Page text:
From: Packaging News
The European Parliament’s Environment Committee voted on single-use plastics on 10 October and made amendments to its directive.
Food and drinks packaging made of EPS, plastic bags with a wall thickness of less than 15 microns as well as oxo-degradable plastic packaging and mulch films will be added to the banned list which comes into effect in 2021.
MEPs also voted to require a 35% share of recycled material in plastic beverage containers from 2025.
EUROPEN issued a statement on the vote saying it supports policy objectives that address the problem of plastic pollution and reiterates the packaging supply chain’s active work to further improve the circularity of all packaging, including plastics.
“We welcome MEPs’ efforts to improve the proposal’s coherence with other EU rules on waste and packaging and to ensure that the Internal Market is safeguarded,” said EUROPEN.
“It also remains important to ensure that businesses have sufficient development time from R&D to commercialisation. EUROPEN will continue to contribute to ensure that the Directive stimulates meaningful innovations and investments and addresses packaging holistically from a life-cycle perspective.
“The packaging supply chain has invested substantially in increasing separate collection, sorting and recycling of packaging waste, which helps circularity and avoids loss of valuable resources to waste and littering. The packaging supply chain is also engaged in empowering consumers by contributing financially towards awareness-raising campaigns, and is investing in packaging, material and processing innovations that further support the transition to a Circular Economy.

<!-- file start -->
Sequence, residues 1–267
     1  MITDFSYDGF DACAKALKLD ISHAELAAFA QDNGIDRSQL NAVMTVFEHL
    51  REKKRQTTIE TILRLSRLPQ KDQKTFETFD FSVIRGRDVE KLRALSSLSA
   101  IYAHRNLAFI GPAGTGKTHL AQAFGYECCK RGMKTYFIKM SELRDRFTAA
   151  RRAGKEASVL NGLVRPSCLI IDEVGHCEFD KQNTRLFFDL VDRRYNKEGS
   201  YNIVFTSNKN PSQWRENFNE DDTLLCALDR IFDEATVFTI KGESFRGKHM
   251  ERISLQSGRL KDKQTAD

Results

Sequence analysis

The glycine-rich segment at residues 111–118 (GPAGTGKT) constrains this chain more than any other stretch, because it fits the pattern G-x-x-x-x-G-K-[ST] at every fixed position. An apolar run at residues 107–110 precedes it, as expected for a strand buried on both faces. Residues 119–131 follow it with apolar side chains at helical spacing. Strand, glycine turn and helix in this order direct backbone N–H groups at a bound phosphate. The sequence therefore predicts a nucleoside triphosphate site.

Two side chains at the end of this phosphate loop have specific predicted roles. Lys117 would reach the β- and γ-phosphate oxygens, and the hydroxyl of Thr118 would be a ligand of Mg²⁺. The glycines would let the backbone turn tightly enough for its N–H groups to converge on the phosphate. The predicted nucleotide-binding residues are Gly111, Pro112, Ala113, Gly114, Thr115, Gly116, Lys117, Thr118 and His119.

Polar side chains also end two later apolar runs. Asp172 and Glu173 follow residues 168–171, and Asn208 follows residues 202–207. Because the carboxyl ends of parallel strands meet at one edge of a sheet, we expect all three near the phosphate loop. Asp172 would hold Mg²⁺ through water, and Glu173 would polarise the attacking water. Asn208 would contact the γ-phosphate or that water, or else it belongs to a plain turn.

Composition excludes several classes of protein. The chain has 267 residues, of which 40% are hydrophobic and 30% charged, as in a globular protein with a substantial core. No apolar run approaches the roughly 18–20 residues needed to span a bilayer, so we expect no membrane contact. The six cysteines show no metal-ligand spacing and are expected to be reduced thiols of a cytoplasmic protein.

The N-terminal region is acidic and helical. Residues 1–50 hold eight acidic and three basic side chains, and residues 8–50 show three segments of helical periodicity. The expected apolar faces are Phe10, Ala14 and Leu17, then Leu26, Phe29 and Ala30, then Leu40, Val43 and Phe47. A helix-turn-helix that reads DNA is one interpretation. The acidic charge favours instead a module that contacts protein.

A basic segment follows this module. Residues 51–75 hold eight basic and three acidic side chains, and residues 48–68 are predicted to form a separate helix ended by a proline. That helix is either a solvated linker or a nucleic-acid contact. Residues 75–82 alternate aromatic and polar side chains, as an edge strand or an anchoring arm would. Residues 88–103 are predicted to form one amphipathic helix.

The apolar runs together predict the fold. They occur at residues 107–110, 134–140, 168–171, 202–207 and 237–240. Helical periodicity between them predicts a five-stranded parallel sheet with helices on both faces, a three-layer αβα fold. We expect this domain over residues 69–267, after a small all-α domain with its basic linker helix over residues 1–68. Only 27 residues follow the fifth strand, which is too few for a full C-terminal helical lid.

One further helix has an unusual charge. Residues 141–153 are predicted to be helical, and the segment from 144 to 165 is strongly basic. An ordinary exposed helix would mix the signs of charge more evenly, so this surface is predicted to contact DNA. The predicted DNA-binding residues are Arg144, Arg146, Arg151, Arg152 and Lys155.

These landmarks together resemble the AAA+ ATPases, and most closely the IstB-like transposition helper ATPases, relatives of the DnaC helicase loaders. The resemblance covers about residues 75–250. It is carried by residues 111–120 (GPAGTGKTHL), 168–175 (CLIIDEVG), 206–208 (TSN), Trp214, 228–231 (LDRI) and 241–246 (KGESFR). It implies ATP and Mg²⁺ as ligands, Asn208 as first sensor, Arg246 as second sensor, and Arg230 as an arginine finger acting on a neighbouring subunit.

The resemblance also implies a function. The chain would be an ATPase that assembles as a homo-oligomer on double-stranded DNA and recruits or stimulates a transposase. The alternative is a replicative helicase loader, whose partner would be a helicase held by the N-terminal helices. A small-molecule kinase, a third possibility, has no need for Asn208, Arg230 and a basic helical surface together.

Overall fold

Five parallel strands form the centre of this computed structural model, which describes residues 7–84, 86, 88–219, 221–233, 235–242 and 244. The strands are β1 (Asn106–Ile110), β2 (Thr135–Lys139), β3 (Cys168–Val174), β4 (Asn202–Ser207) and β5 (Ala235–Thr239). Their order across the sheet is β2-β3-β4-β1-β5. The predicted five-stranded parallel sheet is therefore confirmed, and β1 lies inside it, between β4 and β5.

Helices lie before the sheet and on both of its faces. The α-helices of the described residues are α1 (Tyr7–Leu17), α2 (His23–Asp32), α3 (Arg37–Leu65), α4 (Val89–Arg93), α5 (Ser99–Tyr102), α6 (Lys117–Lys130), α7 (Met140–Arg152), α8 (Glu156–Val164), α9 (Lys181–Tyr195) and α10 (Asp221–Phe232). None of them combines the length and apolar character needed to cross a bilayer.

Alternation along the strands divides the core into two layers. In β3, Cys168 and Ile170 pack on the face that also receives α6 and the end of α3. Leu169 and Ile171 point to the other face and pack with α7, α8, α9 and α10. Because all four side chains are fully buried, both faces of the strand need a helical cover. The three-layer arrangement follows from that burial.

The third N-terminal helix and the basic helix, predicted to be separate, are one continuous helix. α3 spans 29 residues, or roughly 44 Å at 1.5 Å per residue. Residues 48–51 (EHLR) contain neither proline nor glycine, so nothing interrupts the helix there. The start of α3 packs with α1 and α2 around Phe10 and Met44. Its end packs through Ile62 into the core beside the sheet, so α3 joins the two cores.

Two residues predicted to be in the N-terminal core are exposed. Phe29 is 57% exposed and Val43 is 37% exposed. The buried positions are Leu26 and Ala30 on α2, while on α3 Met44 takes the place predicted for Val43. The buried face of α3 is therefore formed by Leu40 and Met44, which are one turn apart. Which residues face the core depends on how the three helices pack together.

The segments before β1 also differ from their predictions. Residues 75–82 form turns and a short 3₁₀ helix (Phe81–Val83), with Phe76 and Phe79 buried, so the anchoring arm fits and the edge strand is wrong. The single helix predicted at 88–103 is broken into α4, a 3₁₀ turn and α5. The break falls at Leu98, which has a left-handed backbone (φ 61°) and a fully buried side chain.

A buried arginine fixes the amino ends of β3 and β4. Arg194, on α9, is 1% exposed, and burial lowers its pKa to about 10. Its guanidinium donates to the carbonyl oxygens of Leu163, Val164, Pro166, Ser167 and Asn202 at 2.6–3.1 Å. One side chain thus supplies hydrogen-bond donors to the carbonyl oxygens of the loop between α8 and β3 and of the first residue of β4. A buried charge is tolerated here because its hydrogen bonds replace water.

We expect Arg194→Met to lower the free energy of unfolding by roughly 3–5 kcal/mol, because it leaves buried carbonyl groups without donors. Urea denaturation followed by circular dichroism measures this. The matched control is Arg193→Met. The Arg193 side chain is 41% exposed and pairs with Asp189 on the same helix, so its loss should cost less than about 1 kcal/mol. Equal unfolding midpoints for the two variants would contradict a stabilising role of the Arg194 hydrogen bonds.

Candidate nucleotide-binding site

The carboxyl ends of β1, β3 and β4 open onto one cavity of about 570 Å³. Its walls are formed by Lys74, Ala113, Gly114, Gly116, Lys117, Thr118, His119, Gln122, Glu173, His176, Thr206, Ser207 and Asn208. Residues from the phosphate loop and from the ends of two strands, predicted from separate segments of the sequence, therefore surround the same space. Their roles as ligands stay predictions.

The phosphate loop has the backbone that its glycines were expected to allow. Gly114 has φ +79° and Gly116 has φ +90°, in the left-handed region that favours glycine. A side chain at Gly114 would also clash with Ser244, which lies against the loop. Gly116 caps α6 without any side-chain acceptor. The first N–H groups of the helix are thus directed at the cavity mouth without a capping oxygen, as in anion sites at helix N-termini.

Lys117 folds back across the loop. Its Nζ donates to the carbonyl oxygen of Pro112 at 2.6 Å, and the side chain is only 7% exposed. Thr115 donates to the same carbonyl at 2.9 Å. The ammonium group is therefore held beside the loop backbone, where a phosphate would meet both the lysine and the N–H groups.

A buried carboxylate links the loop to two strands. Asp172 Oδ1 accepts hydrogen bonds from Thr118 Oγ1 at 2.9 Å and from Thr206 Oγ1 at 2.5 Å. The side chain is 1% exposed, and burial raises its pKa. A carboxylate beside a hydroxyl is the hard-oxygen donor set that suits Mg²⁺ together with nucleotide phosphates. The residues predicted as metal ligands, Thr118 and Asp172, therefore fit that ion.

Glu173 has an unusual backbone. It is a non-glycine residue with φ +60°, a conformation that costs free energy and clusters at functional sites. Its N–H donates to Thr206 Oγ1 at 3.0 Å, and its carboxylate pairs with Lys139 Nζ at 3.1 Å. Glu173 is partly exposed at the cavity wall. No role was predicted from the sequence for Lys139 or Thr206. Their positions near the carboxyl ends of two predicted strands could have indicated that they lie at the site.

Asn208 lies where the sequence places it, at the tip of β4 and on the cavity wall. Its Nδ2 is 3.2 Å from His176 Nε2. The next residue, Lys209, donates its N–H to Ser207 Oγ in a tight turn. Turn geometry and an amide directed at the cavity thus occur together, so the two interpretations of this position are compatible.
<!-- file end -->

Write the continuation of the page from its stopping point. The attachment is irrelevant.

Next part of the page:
“These actions demonstrate that the packaging supply chain is fulfilling its role and responsibility as producers. For instance, a significant number of EUROPEN members have launched their corporate voluntary commitments on recycled content and beyond, as part of the EU Pledging exercise aimed at achieving 10 million tonnes of recycled plastic by 2025. These public corporate commitments help facilitate the framework conditions (e.g. availability at competitive prices and quality of secondary raw materials with functionality criteria to ensure food safety) that need to be in place before mandatory rules on recycled content for plastics can be considered.
“In addition, we maintain that the EPR minimum requirements in the Waste Framework Directive should remain the sole, appropriate legal text to address producers’ financial contributions, in line with nationally-defined roles and responsibilities of all actors involved. Likewise, to ensure legal clarity and policy coherence, the Packaging and Packaging Waste Directive, including its ‘Essential Requirements’, should remain the sole appropriate legislation governing marking and design requirements.”